QUITO/GUAYAQUIL (Reuters) - Ecuadorean transgender people on Sunday voted for the first time according to their chosen gender, in what activists say are signs of progress in the socially conservative and Catholic Andean nation.
In Ecuador, men and women wait in separate lines to cast their ballots, which for years created uncomfortable moments for transgender voters who had to queue up according to their biological sex.
“The rumors would start, and the looks,” said LGBT activist Mariasol Mite, 32, who changed her ID description from “sex: male” to “gender: female” last year.
Fears of harassment were such that voters would sometimes send their brothers or husbands to wait in line until they got close to the booth, according to lesbian, gay, bisexual and transgender activists.
“This year, everything was different,” said Mite, adding that public officials and fellow voters were much more aware of the issue.
After years of lobbying by the LGBT community and despite opposition by Catholic and increasingly powerful evangelical groups, Ecuador passed a law last year allowing people to choose a gender on their identity card.
“This is very important because our rights are being recognized. It hasn’t been easy,” said activist and National Assembly candidate Diane Rodriguez, after voting in the city of Guayaquil close to the Pacific coast.
An estimated 200 people in the country of 16 million have changed their gender on their ID card since the law changed last year, she added.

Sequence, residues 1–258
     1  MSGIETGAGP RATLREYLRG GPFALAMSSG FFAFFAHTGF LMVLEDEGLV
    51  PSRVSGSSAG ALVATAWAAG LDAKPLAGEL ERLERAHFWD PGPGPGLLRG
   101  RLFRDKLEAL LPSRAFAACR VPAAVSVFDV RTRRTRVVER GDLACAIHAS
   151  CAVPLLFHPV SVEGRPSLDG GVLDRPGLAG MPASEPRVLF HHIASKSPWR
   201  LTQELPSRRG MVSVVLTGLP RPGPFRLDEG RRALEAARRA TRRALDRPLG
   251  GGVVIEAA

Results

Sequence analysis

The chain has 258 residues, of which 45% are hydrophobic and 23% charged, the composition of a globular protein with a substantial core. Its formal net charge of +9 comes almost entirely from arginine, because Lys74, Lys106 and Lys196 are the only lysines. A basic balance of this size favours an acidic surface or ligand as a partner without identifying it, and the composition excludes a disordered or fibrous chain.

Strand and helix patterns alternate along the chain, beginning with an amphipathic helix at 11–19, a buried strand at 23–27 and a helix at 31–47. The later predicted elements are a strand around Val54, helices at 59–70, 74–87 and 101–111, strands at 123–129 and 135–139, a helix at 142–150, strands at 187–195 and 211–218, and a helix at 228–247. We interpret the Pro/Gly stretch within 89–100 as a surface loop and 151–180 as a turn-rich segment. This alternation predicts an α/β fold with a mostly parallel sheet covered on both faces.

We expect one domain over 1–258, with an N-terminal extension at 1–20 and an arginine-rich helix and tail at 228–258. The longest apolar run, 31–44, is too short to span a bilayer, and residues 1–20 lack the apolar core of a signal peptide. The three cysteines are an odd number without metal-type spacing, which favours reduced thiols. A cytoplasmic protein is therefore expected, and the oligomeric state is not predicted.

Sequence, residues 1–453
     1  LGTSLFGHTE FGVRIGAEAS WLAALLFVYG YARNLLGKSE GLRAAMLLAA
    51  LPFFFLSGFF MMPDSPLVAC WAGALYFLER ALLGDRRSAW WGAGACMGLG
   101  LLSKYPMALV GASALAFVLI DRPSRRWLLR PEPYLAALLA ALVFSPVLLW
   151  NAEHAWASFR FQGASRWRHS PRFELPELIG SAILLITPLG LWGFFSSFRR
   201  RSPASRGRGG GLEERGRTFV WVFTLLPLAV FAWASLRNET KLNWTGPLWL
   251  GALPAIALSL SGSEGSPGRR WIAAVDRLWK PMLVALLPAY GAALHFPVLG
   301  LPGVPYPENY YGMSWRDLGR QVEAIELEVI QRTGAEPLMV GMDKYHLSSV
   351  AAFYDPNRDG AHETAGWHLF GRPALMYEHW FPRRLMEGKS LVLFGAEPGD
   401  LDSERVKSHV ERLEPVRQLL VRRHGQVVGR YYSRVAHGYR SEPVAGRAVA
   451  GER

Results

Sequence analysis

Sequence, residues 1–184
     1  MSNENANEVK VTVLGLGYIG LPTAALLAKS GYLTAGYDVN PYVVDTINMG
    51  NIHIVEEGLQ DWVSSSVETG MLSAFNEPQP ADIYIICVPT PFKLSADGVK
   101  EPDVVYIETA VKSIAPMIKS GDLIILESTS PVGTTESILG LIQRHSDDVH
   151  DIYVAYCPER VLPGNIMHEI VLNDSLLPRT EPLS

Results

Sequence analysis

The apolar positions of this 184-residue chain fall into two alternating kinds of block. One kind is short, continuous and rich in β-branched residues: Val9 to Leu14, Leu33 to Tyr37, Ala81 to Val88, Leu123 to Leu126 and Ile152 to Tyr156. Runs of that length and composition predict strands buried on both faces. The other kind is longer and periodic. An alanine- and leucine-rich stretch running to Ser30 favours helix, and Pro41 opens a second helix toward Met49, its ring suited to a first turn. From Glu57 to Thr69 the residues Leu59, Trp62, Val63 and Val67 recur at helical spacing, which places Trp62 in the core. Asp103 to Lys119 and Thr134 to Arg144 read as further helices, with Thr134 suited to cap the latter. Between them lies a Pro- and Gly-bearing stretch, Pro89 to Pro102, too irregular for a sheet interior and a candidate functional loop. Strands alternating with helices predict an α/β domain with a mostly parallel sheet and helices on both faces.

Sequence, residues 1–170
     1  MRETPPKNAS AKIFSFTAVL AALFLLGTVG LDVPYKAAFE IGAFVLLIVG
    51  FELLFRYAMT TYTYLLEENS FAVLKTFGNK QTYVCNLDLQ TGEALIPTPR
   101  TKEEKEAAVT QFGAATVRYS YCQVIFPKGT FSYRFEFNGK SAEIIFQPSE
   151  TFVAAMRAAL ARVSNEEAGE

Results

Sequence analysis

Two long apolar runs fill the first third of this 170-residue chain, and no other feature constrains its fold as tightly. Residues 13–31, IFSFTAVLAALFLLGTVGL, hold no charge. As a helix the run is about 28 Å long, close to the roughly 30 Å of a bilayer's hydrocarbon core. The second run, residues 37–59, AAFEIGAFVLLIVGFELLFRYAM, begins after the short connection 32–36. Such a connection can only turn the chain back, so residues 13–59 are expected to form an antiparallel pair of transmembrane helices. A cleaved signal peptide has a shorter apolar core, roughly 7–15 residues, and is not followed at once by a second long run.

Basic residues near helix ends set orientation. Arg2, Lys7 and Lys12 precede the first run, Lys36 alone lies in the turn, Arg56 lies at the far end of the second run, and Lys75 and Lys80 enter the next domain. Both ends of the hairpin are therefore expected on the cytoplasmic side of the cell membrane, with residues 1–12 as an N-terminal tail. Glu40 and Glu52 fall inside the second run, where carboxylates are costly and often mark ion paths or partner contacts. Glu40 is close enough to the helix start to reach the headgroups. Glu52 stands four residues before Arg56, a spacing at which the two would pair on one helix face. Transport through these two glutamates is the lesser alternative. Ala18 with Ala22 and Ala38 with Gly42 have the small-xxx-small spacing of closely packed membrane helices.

Rodriguez, a 34-year-old psychologist who was born biologically male, is vying to become Ecuador’s first transgender lawmaker as the country renews its Congress as well as chooses a president for a four-year term.
If elected, the leftist ruling party candidate would push for legislation to counter bullying against transgender students, combat discrimination in the workplace, and eventually work towards legalizing gay marriage and adoption.
Rodriguez’ potential election in Ecuador would come on the heels of Venezuela electing its first transgender lawmaker, lawyer and activist Tamara Adrian, in 2015.
Adrian is staunchly opposed to Venezuela’s Socialist government, which is an ally of Ecuador’s own leftist government, but Rodriguez says the two are close despite being politically opposed.
“She’s a partner in this fight,” said Rodriguez. “Beyond the fact that she’s in a right-wing movement... we’re united by the progress of rights.”
Writing by Alexandra Ulmer; Editing by Nick Zieminski